Viva La Library (The Information Literacy Song)

I was looking recently for an amusing song to convey key points about information literacy to students. Since I didn’t find something that was in a style I could relate to, I made this. It is goofy, but it’s supposed to me. Hope you enjoy it! Lyrics: Viva la Library (The Information Literacy Song) I [Read More...]

Nuh-uh

This cartoon illustrates a point I have been trying to make a lot this week, about the importance of information literacy. It comes via the Union of Concerned Scientists 2013 cartoon contest. Click through to see several more cartoons on the same theme of science denialism.   [Read more...]

In the Absence of Information Literacy

I recently had a conversation with someone on Facebook who was persuaded that students can be expected to learn for themselves how to discern good information from bad on the internet, and that their instincts will serve them well without their needing to worry about whether the sources they turn to reflect the work of [Read More...]

The Penalty for Citing Wikipedia

John Anderson shared on Facebook the wonderful threat he makes to students if they should dare to cite Wikipedia in an assignment. He said he tells them he will change the Wikipedia article, penalize them for citing Wikipedia, and then penalize them again for not citing it accurately! The point he is trying to get [Read More...]

I Take the Bible too Seriously to Not Fact-Check Internet Quotations

This quotation, often attributed to Karl Barth, came across my feed on Facebook this morning: “I take the Bible too seriously to read it literally.” Whenever I try to trace a quotation to its source, especially if the source is famous, and what I find are pages and pages of just the quote with no [Read More...]

The CRAP Test

As I focus in my classes on the skills needed to search for and find relevant and reliable information, that topic in the news. Bill Tai was quoted in the New York Times today as saying the following: When there is too much information, there is high value in search, navigation and discovery. This is [Read More...]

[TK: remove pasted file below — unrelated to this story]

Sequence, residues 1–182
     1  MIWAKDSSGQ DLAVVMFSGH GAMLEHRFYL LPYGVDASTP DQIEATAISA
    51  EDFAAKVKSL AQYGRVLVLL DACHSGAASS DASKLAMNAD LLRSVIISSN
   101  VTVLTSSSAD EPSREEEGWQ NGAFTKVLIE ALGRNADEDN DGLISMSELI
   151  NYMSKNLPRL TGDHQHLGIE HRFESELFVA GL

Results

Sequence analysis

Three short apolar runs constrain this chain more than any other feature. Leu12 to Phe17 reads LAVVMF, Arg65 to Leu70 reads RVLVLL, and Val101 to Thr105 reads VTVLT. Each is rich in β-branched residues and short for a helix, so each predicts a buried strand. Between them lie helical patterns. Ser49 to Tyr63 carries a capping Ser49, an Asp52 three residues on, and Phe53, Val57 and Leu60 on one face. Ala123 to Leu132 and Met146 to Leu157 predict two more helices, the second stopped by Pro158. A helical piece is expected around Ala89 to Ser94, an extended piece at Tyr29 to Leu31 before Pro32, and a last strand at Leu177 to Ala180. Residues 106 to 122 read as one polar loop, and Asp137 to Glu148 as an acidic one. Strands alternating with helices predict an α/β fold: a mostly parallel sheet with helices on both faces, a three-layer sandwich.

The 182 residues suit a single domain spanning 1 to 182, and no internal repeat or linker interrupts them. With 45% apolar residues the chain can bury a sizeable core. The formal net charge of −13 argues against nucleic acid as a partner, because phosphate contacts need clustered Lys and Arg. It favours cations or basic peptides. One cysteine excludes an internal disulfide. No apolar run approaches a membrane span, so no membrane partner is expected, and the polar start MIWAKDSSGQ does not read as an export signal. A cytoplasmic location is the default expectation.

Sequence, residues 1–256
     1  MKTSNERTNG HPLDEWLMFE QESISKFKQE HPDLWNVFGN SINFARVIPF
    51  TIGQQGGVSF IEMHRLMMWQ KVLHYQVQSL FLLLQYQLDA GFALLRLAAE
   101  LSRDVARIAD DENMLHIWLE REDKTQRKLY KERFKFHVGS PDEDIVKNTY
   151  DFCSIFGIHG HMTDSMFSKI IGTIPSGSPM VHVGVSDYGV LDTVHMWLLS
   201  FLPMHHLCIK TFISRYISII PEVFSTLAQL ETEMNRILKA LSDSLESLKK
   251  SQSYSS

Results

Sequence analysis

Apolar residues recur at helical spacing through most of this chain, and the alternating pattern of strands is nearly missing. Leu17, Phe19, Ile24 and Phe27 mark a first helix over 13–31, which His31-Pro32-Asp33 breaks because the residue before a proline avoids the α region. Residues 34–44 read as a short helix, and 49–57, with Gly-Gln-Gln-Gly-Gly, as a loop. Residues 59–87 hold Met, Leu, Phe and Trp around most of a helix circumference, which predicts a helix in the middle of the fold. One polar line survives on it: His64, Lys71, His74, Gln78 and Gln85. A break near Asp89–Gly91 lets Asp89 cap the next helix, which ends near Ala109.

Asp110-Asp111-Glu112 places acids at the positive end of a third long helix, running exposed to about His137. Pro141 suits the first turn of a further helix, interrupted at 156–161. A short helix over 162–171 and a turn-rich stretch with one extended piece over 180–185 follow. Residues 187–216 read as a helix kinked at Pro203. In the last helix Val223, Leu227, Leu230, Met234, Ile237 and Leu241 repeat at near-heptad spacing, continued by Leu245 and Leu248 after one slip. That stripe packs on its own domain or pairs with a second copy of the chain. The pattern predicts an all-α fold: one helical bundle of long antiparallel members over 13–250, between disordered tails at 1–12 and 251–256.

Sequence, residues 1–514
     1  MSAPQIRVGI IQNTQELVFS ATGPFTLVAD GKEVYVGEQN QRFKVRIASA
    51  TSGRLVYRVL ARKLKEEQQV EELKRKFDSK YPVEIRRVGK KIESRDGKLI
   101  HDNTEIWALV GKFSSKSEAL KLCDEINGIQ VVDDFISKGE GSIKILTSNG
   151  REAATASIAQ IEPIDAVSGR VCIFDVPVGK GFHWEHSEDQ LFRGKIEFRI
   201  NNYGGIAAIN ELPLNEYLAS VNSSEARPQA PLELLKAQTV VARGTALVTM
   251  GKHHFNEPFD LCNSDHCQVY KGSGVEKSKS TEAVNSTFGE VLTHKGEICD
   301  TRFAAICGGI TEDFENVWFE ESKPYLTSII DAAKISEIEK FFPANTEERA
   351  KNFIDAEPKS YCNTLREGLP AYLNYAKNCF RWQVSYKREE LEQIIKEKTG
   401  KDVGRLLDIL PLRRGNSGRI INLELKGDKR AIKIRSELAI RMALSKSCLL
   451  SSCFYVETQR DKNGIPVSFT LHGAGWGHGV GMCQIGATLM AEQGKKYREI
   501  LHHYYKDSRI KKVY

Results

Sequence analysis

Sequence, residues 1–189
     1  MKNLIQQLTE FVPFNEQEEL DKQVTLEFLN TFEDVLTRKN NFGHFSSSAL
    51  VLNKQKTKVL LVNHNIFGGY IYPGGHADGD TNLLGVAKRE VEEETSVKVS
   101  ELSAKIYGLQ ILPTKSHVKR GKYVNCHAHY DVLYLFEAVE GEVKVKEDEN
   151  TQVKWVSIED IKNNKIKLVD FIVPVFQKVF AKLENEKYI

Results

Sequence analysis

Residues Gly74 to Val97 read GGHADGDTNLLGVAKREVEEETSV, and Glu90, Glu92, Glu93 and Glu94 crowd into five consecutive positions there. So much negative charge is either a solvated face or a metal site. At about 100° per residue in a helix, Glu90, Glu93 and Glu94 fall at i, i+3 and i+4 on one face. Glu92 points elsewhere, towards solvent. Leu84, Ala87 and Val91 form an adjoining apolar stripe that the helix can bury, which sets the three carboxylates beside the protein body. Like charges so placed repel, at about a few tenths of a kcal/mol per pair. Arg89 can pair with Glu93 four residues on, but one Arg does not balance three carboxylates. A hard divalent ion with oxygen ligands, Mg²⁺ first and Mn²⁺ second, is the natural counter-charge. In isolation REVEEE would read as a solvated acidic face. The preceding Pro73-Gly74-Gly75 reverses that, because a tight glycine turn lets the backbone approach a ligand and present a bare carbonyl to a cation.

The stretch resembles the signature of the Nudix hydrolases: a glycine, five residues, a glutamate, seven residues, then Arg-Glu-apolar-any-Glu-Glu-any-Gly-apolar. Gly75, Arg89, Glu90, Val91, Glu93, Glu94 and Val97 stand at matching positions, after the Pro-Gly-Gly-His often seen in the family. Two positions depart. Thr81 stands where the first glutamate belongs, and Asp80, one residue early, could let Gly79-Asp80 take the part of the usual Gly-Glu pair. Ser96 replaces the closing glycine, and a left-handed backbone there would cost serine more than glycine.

My Course on How to Use the Internet

The new semester at Butler University begins on Monday. My course on the Bible is at the same time a course on how to use the internet. The need for training in such skills is illustrated well by this image that has been circulating on Facebook: Whether or not to take advantage of the accessibility [Read More...]

Jesus’ Advice for Internet Users

         I created a couple of images to help me make my point about fact-checking information found on the internet - making the point both by what is said, and by the fact that Jesus didn’t say these things, as one will know if one fact-checks the quotes! Feel free to share and [Read More...]

Bible-Related Nonsense

img class=”alignleft” src=”http://i.ytimg.com/vi/COeqlKXvgN4/0.jpg” alt=”” width=”202″ height=”151″ />I focus on information literacy skills in my course on the Bible – i.e. the ability to identify and utilize reliable sources of information amid the wide array of sources of varying degrees of reliability – and ridiculousness – that abound on the internet. And so I asked them [Read More...]

Do Students Still Need to Steer Clear of the Internet?

Jona Lendering posted a reply on his blog to a recent post on mine, about teaching students to use online sources discerningly. His conclusion is stated bluntly at the end of the post: To sum up: at this moment there is no good reason why students should use the internet. Let’s face it: the internet [Read More...]

Online Sources in the Classroom

In my current teaching, I focus increasing amounts of attention on the discerning use of online sources of information. People no longer rack their brains to recall facts learned in school. They will pull out a device and look up what they want to know. And so, while some factual information is crucial in order [Read More...]


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